Dr. James D. Anderson
Were it not for the social tumult in Chicago in the summer and fall of 1967, Dr. James D. Anderson likely would not have walked away from the joy of teaching high school social studies, found refuge in a Ph.D. program studying the history of education and transitioned to a career in higher education.
Now, 45 years after being hooded at the University of Illinois at Urbana-Champaign (UIUC), Anderson is one of the nation’s foremost scholars on the history of U.S. education as a specialist in the histories of public school desegregation and higher education desegregation and the history of African-American education in the South.
Anderson is dean of the College of Education and the Edward William and Jane Marr Gutgsell Professor of Education at the University of Illinois at Urbana-Champaign, where he also serves as a professor of history and an affiliate professor of law. He is a senior editor of Education Quarterly, has advised and participated in several PBS documentaries and has been an expert witness in several federal desegregation and affirmative action cases.
Anderson says he couldn’t think of a more fitting year to be appointed to his endowed chair – 2014, the 50th anniversary of the watershed Brown v. Board of Education decision in which the U.S. Supreme Court ruled that racial separation of public school students was unconstitutional. That’s because so much of his scholarship revolves around the intersection of history, education and race.
“All teachers and administrators concerned with education should know the values and struggles fought by Black people to get access to quality education,” says Anderson. “Sometimes people assume that Black people maybe come from families that don’t place high value on education, but the truth is the opposite. Generation after generation, Black parents fight for their kids to have quality education. It helps to know that context before going in the classroom and saying, ‘These kids aren’t interested.’”
“If you know their traditions, you can call on their traditions and call upon what their ancestors tried to do. Talk to them about not giving up. I help them understand that their minds are as brilliant as minds anywhere else in the world. That sense of defeatism – that is the yoke round your neck.”
Bringing the best out of students was Anderson’s desire when he began his first job teaching high school social studies on the West Side of Chicago. Armed with a bachelor’s degree in sociology from Stillman College, a master’s degree in history and social studies education from the University of Illinois at Urbana-Champaign and teacher certification in secondary education, he quickly fell in love with teaching.
“I just had such a good relationship with the students,” he says. “I took to it like a fish to water.”
During his doctoral studies in the history of education at UIUC, Anderson found his way into the classroom as a teaching assistant.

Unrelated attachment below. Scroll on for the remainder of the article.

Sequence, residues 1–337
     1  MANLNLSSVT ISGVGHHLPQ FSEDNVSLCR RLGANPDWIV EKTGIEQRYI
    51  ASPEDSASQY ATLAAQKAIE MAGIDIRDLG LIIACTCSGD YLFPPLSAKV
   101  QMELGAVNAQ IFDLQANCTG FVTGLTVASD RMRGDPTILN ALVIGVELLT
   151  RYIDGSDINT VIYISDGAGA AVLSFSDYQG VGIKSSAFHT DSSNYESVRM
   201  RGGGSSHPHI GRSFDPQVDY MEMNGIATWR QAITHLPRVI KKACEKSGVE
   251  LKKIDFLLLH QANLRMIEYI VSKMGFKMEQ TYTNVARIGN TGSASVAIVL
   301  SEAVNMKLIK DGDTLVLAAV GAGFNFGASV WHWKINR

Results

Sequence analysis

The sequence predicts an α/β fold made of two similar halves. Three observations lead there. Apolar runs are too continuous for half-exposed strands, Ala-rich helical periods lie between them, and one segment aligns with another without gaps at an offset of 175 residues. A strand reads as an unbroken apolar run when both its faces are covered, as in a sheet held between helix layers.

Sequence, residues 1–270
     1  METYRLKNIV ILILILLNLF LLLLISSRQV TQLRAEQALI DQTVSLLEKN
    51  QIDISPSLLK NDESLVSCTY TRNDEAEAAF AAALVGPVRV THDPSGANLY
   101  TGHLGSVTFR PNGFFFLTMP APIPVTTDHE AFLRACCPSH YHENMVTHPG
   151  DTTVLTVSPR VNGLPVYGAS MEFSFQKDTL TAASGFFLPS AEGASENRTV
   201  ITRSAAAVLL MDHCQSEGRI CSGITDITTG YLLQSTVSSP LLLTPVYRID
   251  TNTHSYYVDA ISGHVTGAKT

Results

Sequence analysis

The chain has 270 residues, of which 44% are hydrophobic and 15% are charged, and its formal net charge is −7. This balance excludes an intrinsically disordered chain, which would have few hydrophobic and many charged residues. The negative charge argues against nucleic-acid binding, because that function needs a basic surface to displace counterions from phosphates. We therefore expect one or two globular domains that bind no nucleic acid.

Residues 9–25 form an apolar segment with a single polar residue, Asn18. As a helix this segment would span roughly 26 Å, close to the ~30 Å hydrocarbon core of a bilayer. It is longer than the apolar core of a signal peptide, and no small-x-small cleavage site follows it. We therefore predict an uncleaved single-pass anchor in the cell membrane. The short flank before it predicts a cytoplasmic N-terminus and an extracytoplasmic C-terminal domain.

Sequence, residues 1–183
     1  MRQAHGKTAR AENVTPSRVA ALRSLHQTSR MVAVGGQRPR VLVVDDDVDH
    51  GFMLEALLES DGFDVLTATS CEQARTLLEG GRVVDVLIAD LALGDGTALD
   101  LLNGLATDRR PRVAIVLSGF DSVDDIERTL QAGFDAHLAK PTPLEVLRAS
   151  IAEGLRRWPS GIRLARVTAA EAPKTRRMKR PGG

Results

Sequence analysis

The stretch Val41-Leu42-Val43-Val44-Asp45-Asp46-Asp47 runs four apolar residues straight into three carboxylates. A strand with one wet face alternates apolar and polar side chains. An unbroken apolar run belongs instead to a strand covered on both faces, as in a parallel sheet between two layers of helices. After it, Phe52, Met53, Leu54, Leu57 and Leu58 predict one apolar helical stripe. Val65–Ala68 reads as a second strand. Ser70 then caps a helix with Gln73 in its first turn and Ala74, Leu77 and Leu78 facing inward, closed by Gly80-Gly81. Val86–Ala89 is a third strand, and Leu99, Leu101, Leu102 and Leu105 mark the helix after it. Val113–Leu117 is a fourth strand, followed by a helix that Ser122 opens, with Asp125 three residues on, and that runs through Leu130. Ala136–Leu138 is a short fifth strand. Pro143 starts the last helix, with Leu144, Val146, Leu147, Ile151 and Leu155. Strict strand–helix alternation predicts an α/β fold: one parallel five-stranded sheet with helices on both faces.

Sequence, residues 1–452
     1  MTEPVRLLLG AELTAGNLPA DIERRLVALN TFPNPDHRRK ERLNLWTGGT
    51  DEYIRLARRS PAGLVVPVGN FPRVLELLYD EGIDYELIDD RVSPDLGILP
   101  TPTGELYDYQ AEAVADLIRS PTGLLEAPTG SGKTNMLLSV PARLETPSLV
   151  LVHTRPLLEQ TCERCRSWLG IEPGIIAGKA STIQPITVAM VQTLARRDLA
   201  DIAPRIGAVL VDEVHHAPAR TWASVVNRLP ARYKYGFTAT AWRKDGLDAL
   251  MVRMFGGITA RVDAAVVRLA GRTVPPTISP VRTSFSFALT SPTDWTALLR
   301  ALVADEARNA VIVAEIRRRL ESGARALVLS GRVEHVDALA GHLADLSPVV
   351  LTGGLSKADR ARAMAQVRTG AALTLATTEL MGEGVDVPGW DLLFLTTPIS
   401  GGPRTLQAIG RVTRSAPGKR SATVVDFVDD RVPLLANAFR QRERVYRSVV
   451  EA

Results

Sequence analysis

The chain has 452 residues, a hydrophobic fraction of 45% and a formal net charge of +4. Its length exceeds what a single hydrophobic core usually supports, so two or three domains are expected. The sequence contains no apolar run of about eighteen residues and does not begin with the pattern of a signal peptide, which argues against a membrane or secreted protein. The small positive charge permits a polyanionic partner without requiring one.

“I really did fall in love with the profession,” Anderson says. “I feel blessed to have chosen this path.”
A native of Eutaw, Alabama, Anderson sees some of the same activism and passion for social justice among many of today’s students that was highly visible early in his career.
“You see it wane over the years” he says, “then, next thing you know, you see a flow after the ebb where students are active again, whether it’s Black Lives Matter or other kinds of issues, issues of free speech. They want a good education, but also a better society. They combine passion for achievement with issues of justice.”
Anderson is a man of achievement. Among his numerous honors are the American Educational Research Association’s (AERA) outstanding book award in 1990 for The Education of Blacks in the South, 1860-1935, election to the National Academy of Education in 2008, the Lifetime Achievement Award from the American Association of Colleges for Teacher Education in 2012 and selection as a Fellow for Outstanding Research by the AERA in 2012.
As another academic year begins, Anderson is preparing for what he says “is known as the second fountain” – two milestones in 2019 for Americans generally and African-Americans particularly. The year will mark the 150th anniversary of the 13th Amendment, which freed the slaves, and the 400th year since the arrival of the first of those African slaves on American shores.
“We have to think about how we honor and commemorate 400 years,” says Anderson. “What does that mean, and where are we after 400 years, and where are we going? At some points along the way, you stop and take stock of where you’ve been. This is a time for the nation and African-Americans together to take stock.”
LaMont Jones can be reached at email@example.com. You can follow him on Twitter @DrLaMontJones.
This article appeared in the September 20, 2018 edition of Diverse. This is the first in a series of profiles about distinguished professors of education.